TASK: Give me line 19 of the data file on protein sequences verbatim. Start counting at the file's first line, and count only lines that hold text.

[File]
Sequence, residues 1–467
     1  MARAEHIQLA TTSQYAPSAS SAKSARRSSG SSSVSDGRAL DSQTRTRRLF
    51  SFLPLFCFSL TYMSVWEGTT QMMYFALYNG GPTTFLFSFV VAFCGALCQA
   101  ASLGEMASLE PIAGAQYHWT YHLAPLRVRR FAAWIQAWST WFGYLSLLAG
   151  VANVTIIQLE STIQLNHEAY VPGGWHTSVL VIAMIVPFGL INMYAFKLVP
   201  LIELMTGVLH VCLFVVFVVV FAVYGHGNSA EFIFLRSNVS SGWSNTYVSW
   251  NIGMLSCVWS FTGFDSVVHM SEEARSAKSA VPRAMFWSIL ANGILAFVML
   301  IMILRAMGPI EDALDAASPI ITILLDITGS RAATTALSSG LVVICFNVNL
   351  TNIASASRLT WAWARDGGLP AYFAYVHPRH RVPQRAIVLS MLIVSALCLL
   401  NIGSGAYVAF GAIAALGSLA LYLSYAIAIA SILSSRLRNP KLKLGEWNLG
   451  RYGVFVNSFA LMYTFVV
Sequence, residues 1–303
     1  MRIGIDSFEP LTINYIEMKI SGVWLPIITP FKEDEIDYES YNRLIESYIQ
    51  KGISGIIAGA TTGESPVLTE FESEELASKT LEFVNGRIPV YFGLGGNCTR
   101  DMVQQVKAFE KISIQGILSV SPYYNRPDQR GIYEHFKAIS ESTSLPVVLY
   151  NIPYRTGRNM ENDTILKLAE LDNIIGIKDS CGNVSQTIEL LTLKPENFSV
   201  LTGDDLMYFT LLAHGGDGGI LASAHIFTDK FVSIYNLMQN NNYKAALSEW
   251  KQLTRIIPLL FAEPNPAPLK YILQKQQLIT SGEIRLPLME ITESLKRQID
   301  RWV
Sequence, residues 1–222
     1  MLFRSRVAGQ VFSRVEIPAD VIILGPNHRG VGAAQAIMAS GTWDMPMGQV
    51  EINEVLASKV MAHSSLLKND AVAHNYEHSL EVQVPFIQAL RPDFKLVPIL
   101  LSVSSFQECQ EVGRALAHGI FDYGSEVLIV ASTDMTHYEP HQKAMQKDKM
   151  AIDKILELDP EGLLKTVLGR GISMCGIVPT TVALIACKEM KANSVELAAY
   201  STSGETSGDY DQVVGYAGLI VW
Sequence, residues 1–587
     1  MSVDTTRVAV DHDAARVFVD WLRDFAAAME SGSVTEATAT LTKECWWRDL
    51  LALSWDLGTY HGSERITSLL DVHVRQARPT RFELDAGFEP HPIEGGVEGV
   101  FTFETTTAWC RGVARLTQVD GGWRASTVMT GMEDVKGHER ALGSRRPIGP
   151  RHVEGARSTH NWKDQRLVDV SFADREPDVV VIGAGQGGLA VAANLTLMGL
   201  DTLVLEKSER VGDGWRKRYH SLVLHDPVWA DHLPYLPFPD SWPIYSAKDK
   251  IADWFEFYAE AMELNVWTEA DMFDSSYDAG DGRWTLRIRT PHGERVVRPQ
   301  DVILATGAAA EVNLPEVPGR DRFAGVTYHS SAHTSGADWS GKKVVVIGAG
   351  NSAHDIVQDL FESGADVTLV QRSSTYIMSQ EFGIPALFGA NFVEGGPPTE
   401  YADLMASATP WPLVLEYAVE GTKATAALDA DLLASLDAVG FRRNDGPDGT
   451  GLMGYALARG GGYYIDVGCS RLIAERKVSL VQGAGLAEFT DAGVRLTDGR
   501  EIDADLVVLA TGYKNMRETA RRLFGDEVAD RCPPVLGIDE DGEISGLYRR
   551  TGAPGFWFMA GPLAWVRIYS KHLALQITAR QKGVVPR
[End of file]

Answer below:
   301  RWV